And if you had to choose a single Bible passage to teach the lesson of God’s abundance, it might well be our gospel reading for this morning.
When he sees a large crowd coming, Jesus feels called to provide food for them. The question in Jesus’ mind is how.
Jesus asks Philip, “where are we to buy bread for these people to eat?” It is a test, and Philip does not pass. Philip answers, We cannot do it. “Six months’ wages would not buy enough bread for each of them to eat a little.”
Andrew does better. Andrew volunteers that a boy has five loaves and two fish. But Andrew adds, “What are they among so many people?” We have something. But we do not have enough.
Jesus is calling Philip and Andrew to feed the crowd. But they do not know how, so they give up. They see the world in terms of scarcity, not divine abundance.
Jesus is different. Jesus leads with mission. Jesus steps out in faith. Jesus acts, confident that with God there is always a way, confident that God will provide whatever is needed. Jesus does not see a world of scarcity. Jesus celebrates God’s abundance.
The result is a miraculous feast. And at the end of the feast, they fill twelve baskets with the leftovers. Abundance indeed!
The lesson is clear enough. With Jesus, there is enough and to spare for us to do God’s work. That is a comfort.
When we make decisions, as individuals and as a Church, we have to ask how much will it cost. We have to ask if we have enough money to do whatever it is that we are considering doing. Thankfully our vestry takes that question very seriously.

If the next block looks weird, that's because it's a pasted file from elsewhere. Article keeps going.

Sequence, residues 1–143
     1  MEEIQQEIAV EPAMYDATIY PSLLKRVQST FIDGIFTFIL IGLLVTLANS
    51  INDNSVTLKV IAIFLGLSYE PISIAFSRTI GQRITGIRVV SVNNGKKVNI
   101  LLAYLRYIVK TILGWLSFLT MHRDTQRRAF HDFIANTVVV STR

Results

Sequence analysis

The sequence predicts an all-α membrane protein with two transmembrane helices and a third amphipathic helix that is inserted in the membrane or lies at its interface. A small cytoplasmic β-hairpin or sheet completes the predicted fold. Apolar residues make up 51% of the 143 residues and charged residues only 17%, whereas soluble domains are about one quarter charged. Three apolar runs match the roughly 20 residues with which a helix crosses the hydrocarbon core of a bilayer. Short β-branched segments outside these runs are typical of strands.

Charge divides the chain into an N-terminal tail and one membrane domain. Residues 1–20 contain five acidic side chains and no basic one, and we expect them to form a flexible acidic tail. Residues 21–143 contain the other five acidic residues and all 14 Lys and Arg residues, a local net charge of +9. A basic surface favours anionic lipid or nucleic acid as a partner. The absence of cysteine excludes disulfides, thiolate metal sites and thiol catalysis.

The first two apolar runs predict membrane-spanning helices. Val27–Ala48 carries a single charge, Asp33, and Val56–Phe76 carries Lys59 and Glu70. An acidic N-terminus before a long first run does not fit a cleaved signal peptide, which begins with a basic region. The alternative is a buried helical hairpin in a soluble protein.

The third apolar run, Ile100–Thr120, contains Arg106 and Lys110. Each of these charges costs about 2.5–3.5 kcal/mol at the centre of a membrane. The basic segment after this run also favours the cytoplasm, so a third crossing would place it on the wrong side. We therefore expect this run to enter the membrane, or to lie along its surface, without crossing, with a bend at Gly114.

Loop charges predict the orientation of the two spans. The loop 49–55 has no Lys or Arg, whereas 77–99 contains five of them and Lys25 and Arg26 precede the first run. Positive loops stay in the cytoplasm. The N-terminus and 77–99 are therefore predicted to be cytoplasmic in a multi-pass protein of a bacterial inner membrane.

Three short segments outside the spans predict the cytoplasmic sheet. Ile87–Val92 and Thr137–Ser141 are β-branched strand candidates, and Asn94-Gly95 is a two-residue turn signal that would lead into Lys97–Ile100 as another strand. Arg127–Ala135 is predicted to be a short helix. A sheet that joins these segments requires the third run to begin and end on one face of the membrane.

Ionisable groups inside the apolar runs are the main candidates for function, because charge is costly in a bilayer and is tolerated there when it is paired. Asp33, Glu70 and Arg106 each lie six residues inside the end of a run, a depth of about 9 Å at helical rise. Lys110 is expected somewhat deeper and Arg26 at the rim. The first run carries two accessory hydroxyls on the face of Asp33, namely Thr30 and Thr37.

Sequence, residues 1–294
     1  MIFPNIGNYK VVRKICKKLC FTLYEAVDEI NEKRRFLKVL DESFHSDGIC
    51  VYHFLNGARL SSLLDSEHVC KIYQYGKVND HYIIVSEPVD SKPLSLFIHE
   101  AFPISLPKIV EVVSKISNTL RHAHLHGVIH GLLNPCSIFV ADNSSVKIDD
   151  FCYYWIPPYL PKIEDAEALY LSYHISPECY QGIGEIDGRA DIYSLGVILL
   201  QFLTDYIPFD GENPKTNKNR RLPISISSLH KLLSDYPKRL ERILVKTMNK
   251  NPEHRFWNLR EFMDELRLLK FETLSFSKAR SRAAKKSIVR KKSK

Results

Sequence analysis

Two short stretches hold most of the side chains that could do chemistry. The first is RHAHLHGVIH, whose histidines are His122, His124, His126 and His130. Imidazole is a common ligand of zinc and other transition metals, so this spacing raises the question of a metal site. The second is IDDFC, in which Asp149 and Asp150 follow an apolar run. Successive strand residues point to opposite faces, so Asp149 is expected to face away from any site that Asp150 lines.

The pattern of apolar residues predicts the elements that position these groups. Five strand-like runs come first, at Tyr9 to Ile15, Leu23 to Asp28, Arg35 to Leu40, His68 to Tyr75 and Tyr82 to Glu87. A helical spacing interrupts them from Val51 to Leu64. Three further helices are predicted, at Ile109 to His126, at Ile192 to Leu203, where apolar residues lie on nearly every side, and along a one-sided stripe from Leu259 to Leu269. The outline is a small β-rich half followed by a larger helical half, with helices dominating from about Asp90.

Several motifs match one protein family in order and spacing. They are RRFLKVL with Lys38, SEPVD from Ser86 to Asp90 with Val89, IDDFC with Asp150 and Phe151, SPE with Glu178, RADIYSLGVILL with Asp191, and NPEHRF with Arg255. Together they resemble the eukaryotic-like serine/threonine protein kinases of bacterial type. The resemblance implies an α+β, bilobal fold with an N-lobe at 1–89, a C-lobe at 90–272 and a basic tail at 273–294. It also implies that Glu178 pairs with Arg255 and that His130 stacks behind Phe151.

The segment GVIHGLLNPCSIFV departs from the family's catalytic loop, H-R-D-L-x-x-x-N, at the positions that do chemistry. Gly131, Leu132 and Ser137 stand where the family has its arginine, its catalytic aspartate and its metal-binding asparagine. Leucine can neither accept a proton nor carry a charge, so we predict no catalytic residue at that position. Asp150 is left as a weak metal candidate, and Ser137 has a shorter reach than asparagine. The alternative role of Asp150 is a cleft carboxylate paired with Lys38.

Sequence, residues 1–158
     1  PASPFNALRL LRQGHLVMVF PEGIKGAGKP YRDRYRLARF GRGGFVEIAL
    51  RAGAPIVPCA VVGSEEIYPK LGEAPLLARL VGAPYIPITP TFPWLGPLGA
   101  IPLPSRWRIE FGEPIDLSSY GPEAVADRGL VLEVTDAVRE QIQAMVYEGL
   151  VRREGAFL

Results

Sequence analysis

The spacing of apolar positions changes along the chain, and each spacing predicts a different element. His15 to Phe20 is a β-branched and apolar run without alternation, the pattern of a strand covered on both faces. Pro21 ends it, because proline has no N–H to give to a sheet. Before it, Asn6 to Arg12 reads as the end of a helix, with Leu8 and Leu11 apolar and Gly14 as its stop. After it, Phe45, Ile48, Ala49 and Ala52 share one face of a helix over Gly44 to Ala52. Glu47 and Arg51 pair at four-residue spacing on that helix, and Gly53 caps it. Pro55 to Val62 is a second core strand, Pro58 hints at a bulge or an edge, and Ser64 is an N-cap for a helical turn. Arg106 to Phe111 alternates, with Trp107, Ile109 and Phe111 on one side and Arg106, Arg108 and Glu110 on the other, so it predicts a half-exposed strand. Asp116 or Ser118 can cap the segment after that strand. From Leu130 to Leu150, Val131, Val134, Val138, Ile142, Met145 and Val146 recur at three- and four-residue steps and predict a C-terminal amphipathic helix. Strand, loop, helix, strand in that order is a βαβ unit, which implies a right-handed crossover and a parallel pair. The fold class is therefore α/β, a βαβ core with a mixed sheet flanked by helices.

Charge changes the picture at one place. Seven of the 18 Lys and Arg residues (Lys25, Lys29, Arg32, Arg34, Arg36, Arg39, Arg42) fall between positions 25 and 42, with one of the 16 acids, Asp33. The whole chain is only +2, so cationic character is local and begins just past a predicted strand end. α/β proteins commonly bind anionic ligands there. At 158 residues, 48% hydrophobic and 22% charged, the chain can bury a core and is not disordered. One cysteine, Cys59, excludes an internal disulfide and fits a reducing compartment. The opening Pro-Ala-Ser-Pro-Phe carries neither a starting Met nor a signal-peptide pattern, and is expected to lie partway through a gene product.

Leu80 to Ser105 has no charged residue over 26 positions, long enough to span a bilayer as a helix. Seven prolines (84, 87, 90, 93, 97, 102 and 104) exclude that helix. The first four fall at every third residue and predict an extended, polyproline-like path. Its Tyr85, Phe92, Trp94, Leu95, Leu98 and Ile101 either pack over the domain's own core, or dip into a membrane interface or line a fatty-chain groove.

But our gospel reading reminds us that the question about cost comes second, not first. The first question is, what is God calling us to do? After we answer that question, after we discern what God is calling us to do, then we ask, how can we make it happen?
As Christians, we do not begin by deciding what we can afford. We begin by discerning what we are called to do, and then we do our best to get it done.
We plan. We work. We try to figure out how many loaves and fish we can find. But in the end, we can trust that God will provide what we need. We can trust in God’s abundance. That is good news.
But one key to the good news of God’s abundance is that God’s abundance is a means to the end of doing God’s work. Abundance is not a goal in itself. That, too, is an important lesson to learn.
Some Christians say that God wants us to be rich, that we could all be rich if only we had enough faith. Our culture is not so different in one way. It too encourages us to seek as much wealth as we possibly can. It just leaves God out. At our worst, America is all about material abundance, about accumulating more and more stuff, about buying the very latest thing, about having more than our neighbors, no matter how much our neighbor has. All too often, the pursuit of happiness becomes the pursuit of stuff.
That is NOT what God’s abundance is about. That is NOT what our gospel reading is about.
Bread and fish is a pretty basic meal. Jesus could have done much better if he wanted to give the crowd an experience of fine dining. Jesus could have provided expensive wines and a rich assortment of meats. Jesus could have thrown in fancy spices. If Jesus really wanted to spoil them, he could have offered them ice cream and cookies.